If this is your first time digging into facebook ad algorithms, or if you are here brushing up on past skills, take the time to view our list below. This breaks down all of the relevant changes that Facebook has made to the facebook ad algorithm. The break down of relevant changes is not only educational but shows a retrospective view at every step Facebook has taken on this journey.
(Last updated: December 2017)
Here’s a summary of all the changes that are relevant to social media marketers, in reverse-chronological order.
If you want to know more about any particular change, just click on the quick link and you’ll get more information about the change and how it may affect your Page.
- December 18, 2017: Pages that that use engagement bait are down-ranked.
- August 28, 2017: Pages that share false news will no longer be able to run Facebook ads.
- August 17, 2017: Posts that pretends to be a video will be demoted in the News Feed.
- August 2, 2017: Posts with links that load slowly on mobile will be shown less in the News Feed.
- May 17, 2017: Posts with clickbait headlines will rank lower in the News Feed.
- May 10, 2017: Posts that link to websites with low-quality experience will rank lower in the News Feed.
- January 31, 2017: Authentic and timely posts will rank better in the News Feed.
- January 26, 2017: Long, engaging videos will rank better in the News Feed (than short, engaging videos)
- August 11, 2016: Posts that are informative will rank higher in the News Feed of people whom might find them relevant.
- June 29, 2016: Posts from friends will rank (even) higher in the News Feed.
- April 21, 2016: Posts with links that keep people engaged will rank higher in the News Feed.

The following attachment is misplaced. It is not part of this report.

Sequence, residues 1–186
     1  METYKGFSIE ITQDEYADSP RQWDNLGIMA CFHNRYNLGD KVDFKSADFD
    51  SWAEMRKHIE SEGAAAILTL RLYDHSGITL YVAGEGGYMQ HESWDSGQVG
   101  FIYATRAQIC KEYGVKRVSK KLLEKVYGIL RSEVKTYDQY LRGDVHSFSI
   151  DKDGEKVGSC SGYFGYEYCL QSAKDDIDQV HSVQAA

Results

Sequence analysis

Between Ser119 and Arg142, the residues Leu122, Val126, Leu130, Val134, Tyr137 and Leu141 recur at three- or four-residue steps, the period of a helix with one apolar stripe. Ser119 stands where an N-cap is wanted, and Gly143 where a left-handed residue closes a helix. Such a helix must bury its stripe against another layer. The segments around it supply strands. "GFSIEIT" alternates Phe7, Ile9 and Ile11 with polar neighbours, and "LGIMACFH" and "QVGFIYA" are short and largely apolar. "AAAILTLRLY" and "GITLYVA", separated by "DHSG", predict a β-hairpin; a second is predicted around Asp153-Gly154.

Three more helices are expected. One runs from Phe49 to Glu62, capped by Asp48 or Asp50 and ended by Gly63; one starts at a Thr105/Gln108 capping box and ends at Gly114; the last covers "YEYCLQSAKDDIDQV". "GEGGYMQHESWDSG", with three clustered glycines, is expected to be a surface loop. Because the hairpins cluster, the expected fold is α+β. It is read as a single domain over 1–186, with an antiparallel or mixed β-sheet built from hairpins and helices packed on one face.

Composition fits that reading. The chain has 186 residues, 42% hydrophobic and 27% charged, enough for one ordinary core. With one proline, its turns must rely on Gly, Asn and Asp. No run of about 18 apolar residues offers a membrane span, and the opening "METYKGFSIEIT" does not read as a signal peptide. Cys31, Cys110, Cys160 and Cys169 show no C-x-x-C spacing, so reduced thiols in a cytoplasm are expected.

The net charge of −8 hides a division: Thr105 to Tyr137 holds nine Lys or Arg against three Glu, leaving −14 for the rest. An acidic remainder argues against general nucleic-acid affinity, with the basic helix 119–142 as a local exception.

- March 1, 2016: Live videos will rank higher in the News Feed when they are live than after they end.
- February 24, 2016: Facebook launched Reactions to help businesses understand how people are responding to their posts.
- December 4, 2015: Facebook uses surveys to improve News Feed ranking.
- July 9, 2015: Facebook makes it easier for people to control what they see on their News Feed.
- June 29, 2015: Facebook now considers more actions on videos while ranking videos in the News Feed.
- June 12, 2015: Time spent on stories becomes a ranking factor.
- April 21, 2015: Posts from friends will rank higher in the News Feed.
- March 5, 2015: Facebook updates how Likes are counted.
- January 20, 2015: Hoaxes will receive less reach and have an added warning.
- January 7, 2015: Video is growing
- November 14, 2014: Overly promotional posts will receive less reach on Facebook.
- September 18, 2014: Facebook will be considering the rate at which people interact with posts.
- September 11, 2014: Offensive or inappropriate ads will be shown less or stopped.
- August 25, 2014: Facebook will look at bounce rate to determine if an article has a clickbait headline.
- June 23, 2014: Facebook can now rank videos uploaded directly to Facebook better than links to video sites.
- September 11, 2014: Posts that explicitly ask for engagement will be ranked lower in the News Feed.
- August 23, 2013: Facebook has developed a new algorithm to find and show high-quality content to users